Intracytoplasmic sperm injection, or ICSI, is a technique developed to help achieve fertilization for couples with severe male factor infertility or couples who have had failure to fertilize in a previous in vitro fertilization attempt. The procedure overcomes many of the barriers to fertilization and allows couples with little hope of achieving successful pregnancy to obtain fertilized embryos.
The procedure was first used at UCSF Medical Center in 1994 and the first successful birth achieved with ICSI assistance was in February 1995. UCSF Medical Center was the first San Francisco Bay Area program to achieve a pregnancy and birth with this "miracle" procedure.
The technique involves very precise maneuvers to pick up a single live sperm and inject it directly into the center of a human egg. The procedure requires that the female partner undergo ovarian stimulation with fertility medications so that several mature eggs develop. These eggs are then suctioned through the vagina, using vaginal ultrasound, and incubated under precise conditions in the embryology laboratory. The semen sample is prepared by spinning the sperm cells through a special medium. This solution separates live sperm from debris and most of the dead sperm. The specialist picks up the single live sperm in a glass needle and injects it directly into the egg.
Through the ICSI procedure, many couples with difficult male factor infertility problems have achieved pregnancy. Fertilization rates of 70 percent to 80 percent of all eggs injected are currently being achieved, and pregnancy rates are comparable to those seen with IVF in couples with no male factor infertility.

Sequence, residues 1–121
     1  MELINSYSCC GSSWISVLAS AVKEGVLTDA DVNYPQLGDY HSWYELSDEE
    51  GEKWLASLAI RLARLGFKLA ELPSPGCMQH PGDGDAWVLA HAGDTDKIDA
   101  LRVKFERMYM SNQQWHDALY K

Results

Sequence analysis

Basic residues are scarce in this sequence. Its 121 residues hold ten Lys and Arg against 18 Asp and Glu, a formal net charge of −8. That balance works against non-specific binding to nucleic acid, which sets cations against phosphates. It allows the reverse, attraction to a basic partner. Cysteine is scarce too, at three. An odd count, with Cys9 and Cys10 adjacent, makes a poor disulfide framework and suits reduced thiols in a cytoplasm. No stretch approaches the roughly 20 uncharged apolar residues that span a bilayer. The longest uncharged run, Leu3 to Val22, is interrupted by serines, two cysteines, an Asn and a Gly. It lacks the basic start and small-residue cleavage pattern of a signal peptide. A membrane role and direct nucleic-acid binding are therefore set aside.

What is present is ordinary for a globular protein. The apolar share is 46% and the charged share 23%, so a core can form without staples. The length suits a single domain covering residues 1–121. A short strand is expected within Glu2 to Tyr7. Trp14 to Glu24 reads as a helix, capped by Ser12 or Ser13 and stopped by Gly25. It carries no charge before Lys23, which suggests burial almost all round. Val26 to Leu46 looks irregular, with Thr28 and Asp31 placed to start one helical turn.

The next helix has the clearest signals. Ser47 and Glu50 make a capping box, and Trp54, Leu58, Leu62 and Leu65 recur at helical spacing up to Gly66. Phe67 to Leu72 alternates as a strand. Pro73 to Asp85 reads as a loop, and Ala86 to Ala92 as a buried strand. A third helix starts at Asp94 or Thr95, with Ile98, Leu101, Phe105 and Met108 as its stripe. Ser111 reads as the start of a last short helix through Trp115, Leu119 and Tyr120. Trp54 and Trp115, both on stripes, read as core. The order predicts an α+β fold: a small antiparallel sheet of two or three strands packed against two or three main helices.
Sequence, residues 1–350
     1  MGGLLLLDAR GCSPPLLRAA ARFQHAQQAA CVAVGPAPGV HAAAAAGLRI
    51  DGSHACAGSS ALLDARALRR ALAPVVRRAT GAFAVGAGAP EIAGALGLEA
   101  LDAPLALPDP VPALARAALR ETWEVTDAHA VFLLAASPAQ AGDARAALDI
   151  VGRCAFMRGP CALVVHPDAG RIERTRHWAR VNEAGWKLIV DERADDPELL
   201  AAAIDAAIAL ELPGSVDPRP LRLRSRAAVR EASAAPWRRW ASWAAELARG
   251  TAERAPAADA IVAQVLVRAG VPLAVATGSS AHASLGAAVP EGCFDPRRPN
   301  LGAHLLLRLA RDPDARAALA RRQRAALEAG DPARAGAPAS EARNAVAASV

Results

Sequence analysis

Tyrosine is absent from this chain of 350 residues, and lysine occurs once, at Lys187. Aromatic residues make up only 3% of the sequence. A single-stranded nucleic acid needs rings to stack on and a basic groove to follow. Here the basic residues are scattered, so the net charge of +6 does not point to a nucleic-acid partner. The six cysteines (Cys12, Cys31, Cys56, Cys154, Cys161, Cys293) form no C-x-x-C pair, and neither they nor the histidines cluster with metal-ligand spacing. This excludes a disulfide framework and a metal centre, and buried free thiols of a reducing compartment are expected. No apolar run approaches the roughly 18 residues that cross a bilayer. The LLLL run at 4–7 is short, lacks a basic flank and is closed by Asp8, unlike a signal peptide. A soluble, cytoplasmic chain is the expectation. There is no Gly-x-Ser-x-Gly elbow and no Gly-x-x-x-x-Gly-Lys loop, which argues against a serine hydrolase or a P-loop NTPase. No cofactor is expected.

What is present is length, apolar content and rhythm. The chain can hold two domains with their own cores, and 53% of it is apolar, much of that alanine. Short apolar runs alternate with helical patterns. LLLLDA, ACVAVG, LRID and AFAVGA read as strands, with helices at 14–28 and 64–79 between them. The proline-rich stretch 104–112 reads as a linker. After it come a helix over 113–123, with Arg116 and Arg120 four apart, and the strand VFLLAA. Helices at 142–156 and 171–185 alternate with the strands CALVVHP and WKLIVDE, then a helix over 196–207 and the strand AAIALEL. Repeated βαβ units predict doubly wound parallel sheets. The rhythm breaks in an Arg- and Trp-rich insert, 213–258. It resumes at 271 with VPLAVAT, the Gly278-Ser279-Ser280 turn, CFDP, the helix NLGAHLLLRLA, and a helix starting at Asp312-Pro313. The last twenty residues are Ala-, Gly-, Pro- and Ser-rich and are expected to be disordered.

Please read FAQ: Intracytoplasmic Sperm Injection for more information about this procedure.
Sperm Extraction Procedures
Intracytoplasmic sperm injection has revolutionized the treatment of male infertility. The sperm requirement for egg fertilization has dropped from hundreds of thousands for in vitro fertilization (IVF), to one viable sperm required for ICSI when combined with IVF.
This has led to the recent development of aggressive new surgical techniques to provide viable sperm for egg fertilization from men with low or no sperm count. This also has pushed urologists beyond the ejaculate and into the male reproductive tract to find sperm. Presently, sources of sperm in otherwise azoospermic patients, or those with no ejaculated sperm, include the vas deferens, epididymis and testicle, using sperm aspiration techniques in which the sperm is suctioned from the organ.
Sperm aspiration techniques involve the use of minor surgical procedures to collect sperm from organs within the genital tract. These techniques are indicated for men in whom the transport of sperm is not possible because the ductal system that normally carries sperm to the ejaculate is absent, such as with the congenital absence of the vas deferens, or unable to be reconstructed.